From the moment this production was announced, tickets began to sell like hotcakes. There was an immense hype in the run-up to its premiere, and luckily it did not disappoint. The Independent, the London Evening Standard, The Stage and WhatsOnStage.com all awarded the show five stars, demonstrating the show’s popularity. Harry Potter went on to receive a record-breaking 11 Olivier Award nominations, and then broke further records when it won 9 of these awards. Two years after opening in London, it also transferred to Broadway, where it went on to break a number of box office records.

The books and films of Harry Potter are such a worldwide phenomenon that it should come as no surprise that this play has been so popular. Spanning across two-parts, the story of the Cursed Child is so utterly compelling and makes for interesting viewing.


The Ferryman

The Ferryman



Upon opening in the West End in 2017, The Ferryman was an instant hit. The show is set during the Northern Ireland Troubles and tells the tale of former IRA activist Quinn Carney and his family, living in their farmhouse in rural County Armagh.

The play first opened at the Royal Court Theatre, and soon became the fastest-selling play within the theatre’s entire history. Several months later, it transferred to the much larger Gielgud Theatre, where it continued to reach high levels of success. Critics adored the play, causing The Ferryman to receive 15 five-star rave reviews. After a prosperous run in London, it was taken to Broadway, where it continued to retain high approval. The show picked up a vast number of awards on both sides of the pond, winning ‘Best New Play’ at the Olivier’s and the Tony’s.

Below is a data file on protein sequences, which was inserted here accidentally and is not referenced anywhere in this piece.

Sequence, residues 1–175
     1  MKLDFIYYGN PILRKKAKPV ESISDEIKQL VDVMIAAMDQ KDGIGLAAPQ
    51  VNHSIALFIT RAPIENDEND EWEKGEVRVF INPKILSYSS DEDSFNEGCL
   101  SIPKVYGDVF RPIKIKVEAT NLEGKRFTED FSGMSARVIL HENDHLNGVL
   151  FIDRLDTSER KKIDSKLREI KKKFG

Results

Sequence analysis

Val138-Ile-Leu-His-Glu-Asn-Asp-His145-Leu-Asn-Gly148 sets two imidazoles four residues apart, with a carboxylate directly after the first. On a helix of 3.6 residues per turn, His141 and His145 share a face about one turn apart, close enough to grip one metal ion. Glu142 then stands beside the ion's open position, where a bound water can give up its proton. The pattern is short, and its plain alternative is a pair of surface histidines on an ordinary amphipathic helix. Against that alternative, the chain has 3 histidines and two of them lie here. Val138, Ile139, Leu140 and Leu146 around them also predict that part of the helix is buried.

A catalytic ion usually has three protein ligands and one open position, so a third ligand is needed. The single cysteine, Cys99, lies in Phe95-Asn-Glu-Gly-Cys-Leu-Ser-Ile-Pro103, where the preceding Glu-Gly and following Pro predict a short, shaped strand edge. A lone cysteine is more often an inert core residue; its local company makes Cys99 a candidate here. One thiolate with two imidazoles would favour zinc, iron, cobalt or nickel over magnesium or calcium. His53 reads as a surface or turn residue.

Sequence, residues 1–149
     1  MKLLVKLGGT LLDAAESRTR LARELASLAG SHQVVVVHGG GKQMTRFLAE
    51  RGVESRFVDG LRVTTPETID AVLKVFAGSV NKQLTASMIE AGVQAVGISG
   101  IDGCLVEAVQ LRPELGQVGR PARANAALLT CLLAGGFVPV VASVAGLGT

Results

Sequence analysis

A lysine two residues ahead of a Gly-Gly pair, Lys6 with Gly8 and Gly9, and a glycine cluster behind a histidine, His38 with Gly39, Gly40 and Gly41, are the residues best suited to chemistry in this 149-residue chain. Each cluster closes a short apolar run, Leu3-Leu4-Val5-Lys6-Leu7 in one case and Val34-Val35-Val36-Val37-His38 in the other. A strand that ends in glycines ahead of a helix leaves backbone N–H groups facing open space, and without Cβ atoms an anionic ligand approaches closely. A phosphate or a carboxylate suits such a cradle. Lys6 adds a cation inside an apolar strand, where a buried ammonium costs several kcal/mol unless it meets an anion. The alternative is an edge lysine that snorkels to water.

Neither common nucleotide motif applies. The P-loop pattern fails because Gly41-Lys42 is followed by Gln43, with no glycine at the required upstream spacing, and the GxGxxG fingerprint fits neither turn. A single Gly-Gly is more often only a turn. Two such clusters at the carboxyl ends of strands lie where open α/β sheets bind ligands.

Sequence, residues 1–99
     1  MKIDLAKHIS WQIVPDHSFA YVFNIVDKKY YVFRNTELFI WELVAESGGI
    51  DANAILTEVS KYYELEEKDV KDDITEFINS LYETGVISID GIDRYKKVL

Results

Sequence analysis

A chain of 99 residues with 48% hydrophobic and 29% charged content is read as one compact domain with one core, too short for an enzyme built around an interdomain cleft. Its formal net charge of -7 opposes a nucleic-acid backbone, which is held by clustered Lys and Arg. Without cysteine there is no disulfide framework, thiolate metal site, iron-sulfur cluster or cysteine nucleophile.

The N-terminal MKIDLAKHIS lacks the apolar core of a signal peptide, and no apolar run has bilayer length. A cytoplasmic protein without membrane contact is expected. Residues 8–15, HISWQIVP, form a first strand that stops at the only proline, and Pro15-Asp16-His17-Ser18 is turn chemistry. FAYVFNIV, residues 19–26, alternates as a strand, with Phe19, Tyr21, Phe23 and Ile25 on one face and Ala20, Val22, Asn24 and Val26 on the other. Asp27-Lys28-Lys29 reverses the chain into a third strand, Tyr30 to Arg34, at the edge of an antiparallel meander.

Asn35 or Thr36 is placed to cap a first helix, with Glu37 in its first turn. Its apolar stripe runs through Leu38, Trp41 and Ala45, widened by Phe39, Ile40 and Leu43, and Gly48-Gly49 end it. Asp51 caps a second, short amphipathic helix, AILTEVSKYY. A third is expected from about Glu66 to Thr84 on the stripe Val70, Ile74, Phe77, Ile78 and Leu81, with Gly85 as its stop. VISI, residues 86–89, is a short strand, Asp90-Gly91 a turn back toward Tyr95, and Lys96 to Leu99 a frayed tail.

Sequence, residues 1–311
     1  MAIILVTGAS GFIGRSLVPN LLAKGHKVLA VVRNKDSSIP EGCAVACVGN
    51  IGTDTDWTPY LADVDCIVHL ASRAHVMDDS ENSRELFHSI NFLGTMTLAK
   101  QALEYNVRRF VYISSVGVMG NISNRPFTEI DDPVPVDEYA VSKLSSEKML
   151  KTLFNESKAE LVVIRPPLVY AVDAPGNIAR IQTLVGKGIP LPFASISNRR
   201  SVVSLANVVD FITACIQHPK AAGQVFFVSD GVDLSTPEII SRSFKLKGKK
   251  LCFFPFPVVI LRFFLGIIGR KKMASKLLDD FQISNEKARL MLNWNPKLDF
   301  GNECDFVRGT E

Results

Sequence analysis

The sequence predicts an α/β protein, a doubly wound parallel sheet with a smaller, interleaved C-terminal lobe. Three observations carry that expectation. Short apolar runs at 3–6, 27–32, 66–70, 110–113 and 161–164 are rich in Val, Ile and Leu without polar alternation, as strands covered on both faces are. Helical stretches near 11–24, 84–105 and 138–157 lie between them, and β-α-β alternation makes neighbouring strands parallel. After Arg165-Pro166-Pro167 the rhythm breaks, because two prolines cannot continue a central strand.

At the helm of The Ferryman was Academy Award winning director Sam Mendes, who many have accredited to the show’s success. The staging of this production was highly ambitious, featuring a baby and a number of real-life animals. Such ambition clearly paid off, however, as it is these aspects of the show which make it seem so life-like. The writing, by English playwright Jez Butterworth, is equally superlative. Despite the play being over three hours, it keeps the audience captivated throughout, therefore demonstrating the absorbing nature of Butterworth’s excellent writing abilities.